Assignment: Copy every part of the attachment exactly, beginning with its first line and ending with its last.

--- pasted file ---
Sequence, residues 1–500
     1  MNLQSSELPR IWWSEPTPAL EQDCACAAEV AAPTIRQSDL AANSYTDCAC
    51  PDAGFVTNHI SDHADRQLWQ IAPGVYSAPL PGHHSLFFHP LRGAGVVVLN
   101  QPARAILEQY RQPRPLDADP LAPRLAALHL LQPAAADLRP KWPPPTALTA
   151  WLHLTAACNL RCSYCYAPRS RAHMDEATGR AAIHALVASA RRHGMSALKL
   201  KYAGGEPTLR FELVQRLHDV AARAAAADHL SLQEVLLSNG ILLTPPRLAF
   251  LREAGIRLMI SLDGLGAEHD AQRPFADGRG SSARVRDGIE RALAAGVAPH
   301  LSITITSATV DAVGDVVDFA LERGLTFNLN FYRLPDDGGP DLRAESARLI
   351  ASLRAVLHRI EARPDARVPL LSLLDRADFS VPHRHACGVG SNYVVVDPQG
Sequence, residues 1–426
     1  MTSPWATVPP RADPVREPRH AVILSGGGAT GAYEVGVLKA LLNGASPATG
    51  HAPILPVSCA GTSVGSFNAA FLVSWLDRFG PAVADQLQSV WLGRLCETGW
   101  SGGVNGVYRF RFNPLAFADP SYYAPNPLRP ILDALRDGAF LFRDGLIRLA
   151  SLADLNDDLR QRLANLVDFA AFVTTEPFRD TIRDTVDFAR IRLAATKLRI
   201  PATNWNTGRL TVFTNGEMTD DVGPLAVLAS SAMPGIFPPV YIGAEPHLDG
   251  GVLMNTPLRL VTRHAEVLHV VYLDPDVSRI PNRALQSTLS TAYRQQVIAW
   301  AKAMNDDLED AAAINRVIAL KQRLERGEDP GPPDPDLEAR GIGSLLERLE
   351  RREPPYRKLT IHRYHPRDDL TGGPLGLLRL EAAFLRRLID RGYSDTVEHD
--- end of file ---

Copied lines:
Sequence, residues 1–500
     1  MNLQSSELPR IWWSEPTPAL EQDCACAAEV AAPTIRQSDL AANSYTDCAC
    51  PDAGFVTNHI SDHADRQLWQ IAPGVYSAPL PGHHSLFFHP LRGAGVVVLN
   101  QPARAILEQY RQPRPLDADP LAPRLAALHL LQPAAADLRP KWPPPTALTA
   151  WLHLTAACNL RCSYCYAPRS RAHMDEATGR AAIHALVASA RRHGMSALKL
   201  KYAGGEPTLR FELVQRLHDV AARAAAADHL SLQEVLLSNG ILLTPPRLAF
   251  LREAGIRLMI SLDGLGAEHD AQRPFADGRG SSARVRDGIE RALAAGVAPH
   301  LSITITSATV DAVGDVVDFA LERGLTFNLN FYRLPDDGGP DLRAESARLI
   351  ASLRAVLHRI EARPDARVPL LSLLDRADFS VPHRHACGVG SNYVVVDPQG
Sequence, residues 1–426
     1  MTSPWATVPP RADPVREPRH AVILSGGGAT GAYEVGVLKA LLNGASPATG
    51  HAPILPVSCA GTSVGSFNAA FLVSWLDRFG PAVADQLQSV WLGRLCETGW
   101  SGGVNGVYRF RFNPLAFADP SYYAPNPLRP ILDALRDGAF LFRDGLIRLA
   151  SLADLNDDLR QRLANLVDFA AFVTTEPFRD TIRDTVDFAR IRLAATKLRI
   201  PATNWNTGRL TVFTNGEMTD DVGPLAVLAS SAMPGIFPPV YIGAEPHLDG
   251  GVLMNTPLRL VTRHAEVLHV VYLDPDVSRI PNRALQSTLS TAYRQQVIAW
   301  AKAMNDDLED AAAINRVIAL KQRLERGEDP GPPDPDLEAR GIGSLLERLE
   351  RREPPYRKLT IHRYHPRDDL TGGPLGLLRL EAAFLRRLID RGYSDTVEHD